It's really impossible to tell a competent P&S from a D800 at this reprodution size with exposure chosen for the crop area and its limited shadowed DR. But I would have chosen to crop out the detracting truck interior on the right, particularly with the enigmatic vertical shadow bands seen better with the image slightly expanded. My eyes and brain spent way too much pointless time trying to suss these out rather than enjoying the delightful women's "poses" and the very appropriate tonalities chosen.

PB
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HSway
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« Reply #6 on: July 15, 2013, 10:23:39 AM »
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It wonít enlarge when I click on the Home page. Itís quite small at this size. But lack of detail didnít even cross my mind. It seems a spot on example of interpretation in the spirit of the article. including the colour and contrast. successful and witty actually. Ė It comes from someone who doesnít particularly enjoy retro look kind of style (or vintage) and would prefer to see even historic photographs captured with todayís equipment. Or both if possible;-).

@ knickerhawk I am getting sense of the added space from the fig3 colour frame (on the left and at the bottom) and have to say that the 'tight version' works best for me. Ė Itís (called) Three Double Scoops Please. So the frame goes straight after the point, extracting it out of what doesnít, or whatís weakening it. It feels exactly so. Also, I do expect problems when cutting a feature at the bottom or 'deciding its end'. These cuts are sometimes necessary and donít always pose a problem, I mean distraction. The art is to see when it does.
Agree with your ending of course.
Hynek
« Last Edit: July 15, 2013, 10:26:32 AM by HSway » Logged

knickerhawk
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« Reply #7 on: July 15, 2013, 01:47:14 PM »
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It wonít enlarge when I click on the Home page. Itís quite small at this size. But lack of detail didnít even cross my mind. It seems a spot on example of interpretation in the spirit of the article. including the colour and contrast. successful and witty actually. Ė It comes from someone who doesnít particularly enjoy retro look kind of style (or vintage) and would prefer to see even historic photographs captured with todayís equipment. Or both if possible;-).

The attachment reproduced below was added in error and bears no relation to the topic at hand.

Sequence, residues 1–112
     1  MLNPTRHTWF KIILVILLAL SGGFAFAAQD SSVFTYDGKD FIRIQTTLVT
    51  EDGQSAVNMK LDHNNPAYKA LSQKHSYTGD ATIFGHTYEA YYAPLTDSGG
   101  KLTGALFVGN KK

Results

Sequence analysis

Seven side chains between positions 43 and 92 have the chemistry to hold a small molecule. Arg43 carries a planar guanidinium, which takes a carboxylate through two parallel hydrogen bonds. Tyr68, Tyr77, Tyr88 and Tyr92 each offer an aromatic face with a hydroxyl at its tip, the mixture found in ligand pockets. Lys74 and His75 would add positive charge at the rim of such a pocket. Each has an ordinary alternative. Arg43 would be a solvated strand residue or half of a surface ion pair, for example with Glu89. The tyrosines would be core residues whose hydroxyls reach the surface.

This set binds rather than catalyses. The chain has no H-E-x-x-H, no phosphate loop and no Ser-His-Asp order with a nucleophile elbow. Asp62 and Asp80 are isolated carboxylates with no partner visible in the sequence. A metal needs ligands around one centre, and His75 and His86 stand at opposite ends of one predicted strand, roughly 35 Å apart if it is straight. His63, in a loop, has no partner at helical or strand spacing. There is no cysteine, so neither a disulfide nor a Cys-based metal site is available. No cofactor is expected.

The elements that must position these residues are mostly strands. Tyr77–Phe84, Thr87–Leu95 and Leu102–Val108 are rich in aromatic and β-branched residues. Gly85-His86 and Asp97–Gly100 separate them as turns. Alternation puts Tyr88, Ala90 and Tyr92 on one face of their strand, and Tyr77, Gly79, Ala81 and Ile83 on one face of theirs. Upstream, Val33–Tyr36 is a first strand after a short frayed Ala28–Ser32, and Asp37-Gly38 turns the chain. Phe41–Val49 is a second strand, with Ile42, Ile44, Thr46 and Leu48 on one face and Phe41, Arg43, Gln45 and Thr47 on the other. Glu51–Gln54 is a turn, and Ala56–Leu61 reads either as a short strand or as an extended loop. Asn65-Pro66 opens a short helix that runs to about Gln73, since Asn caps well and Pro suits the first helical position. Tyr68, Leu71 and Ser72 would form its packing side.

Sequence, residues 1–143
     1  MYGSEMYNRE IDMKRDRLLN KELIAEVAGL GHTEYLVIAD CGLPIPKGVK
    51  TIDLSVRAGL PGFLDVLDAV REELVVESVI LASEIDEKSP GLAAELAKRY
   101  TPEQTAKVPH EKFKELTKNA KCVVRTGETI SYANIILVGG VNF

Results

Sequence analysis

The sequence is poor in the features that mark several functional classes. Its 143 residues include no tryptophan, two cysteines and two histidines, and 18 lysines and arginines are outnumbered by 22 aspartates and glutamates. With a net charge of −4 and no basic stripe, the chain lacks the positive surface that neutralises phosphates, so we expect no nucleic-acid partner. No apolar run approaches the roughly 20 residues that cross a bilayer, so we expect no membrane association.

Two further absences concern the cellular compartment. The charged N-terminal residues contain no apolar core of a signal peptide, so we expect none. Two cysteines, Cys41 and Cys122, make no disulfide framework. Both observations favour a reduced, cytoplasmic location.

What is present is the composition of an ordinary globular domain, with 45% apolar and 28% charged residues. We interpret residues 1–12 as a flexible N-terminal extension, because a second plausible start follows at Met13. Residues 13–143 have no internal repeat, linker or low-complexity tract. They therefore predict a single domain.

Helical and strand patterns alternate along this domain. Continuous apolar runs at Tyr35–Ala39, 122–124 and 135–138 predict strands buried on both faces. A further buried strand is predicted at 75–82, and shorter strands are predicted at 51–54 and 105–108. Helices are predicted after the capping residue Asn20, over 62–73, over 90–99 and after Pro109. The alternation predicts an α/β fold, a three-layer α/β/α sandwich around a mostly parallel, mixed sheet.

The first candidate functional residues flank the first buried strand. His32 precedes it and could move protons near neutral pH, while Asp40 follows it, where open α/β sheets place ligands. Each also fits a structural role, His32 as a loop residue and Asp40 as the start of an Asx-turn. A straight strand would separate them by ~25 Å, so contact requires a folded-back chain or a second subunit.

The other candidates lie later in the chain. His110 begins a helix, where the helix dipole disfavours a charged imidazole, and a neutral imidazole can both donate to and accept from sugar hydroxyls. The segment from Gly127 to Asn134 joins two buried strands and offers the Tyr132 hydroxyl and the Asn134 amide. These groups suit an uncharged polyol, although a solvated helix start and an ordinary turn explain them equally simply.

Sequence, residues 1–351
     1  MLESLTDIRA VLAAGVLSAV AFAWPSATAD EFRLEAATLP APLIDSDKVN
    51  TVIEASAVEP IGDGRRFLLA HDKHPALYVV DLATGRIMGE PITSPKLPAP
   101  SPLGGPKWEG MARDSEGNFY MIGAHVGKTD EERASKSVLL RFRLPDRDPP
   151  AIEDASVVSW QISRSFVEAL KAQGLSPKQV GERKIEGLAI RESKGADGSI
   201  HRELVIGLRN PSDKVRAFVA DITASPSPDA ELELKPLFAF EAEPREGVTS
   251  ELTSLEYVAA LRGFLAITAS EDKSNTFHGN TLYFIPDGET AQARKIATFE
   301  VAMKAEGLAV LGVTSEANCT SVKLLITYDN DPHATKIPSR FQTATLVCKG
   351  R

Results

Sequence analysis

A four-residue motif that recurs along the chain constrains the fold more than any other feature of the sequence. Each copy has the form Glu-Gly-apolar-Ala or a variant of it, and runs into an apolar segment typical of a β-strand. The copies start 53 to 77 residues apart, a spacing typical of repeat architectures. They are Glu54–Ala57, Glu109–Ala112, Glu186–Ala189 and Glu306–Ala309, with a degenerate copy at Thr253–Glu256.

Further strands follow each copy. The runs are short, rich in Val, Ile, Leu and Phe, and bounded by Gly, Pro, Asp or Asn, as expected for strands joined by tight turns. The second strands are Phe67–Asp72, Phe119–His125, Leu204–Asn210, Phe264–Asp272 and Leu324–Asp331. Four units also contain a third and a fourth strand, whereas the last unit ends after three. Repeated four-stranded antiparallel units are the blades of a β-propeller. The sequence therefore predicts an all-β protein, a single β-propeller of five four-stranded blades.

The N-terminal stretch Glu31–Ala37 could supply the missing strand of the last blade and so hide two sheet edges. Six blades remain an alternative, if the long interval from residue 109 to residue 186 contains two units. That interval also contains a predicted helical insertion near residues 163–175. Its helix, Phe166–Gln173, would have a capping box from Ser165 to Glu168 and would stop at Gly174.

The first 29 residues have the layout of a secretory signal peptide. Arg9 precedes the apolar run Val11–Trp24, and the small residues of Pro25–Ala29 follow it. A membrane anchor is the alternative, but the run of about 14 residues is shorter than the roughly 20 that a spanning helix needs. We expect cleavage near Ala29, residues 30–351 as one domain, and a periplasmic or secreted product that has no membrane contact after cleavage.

@ knickerhawk I am getting sense of the added space from the fig3 colour frame (on the left and at the bottom) and have to say that the 'tight version' works best for me. Ė Itís (called) Three Double Scoops Please. So the frame goes straight after the point, extracting it out of what doesnít, or whatís weakening it. It feels exactly so. Also, I do expect problems when cutting a feature at the bottom or 'deciding its end'. These cuts are sometimes necessary and donít always pose a problem, I mean distraction. The art is to see when it does.
Agree with your ending of course.
Hynek


I think the final rendering (Fig #1) where everything is desaturated and tonally pushed to the middle (compared to Fig #4) results in a tired look.  It reminds me of pictures that have yellowed and faded.  I assume that's what Michael wanted and, to that extent, it is a success, but I would question the point of such a rendering.  The subject is quite interesting on its own and doesn't need a somewhat obvious and hackneyed "aging" look to succeed.

As for the cropping, I think Figure #4 works better than Figure #1 because there's enough breathing room on the left and the "OPEN" reads as "OPEN" instead of "OPFN".  Personally, I would have considered shifting the crop to the left to include the menu sign and exclude the open door.  That would have a created a signage balance on either side of the women and a nice diagonal movement from top left to bottom right.  Especially if you could read what's on the sign on the left (hey, it's a D800E for chrissakes...), this recropping would provide additional context and detail.  Just my 2 cents...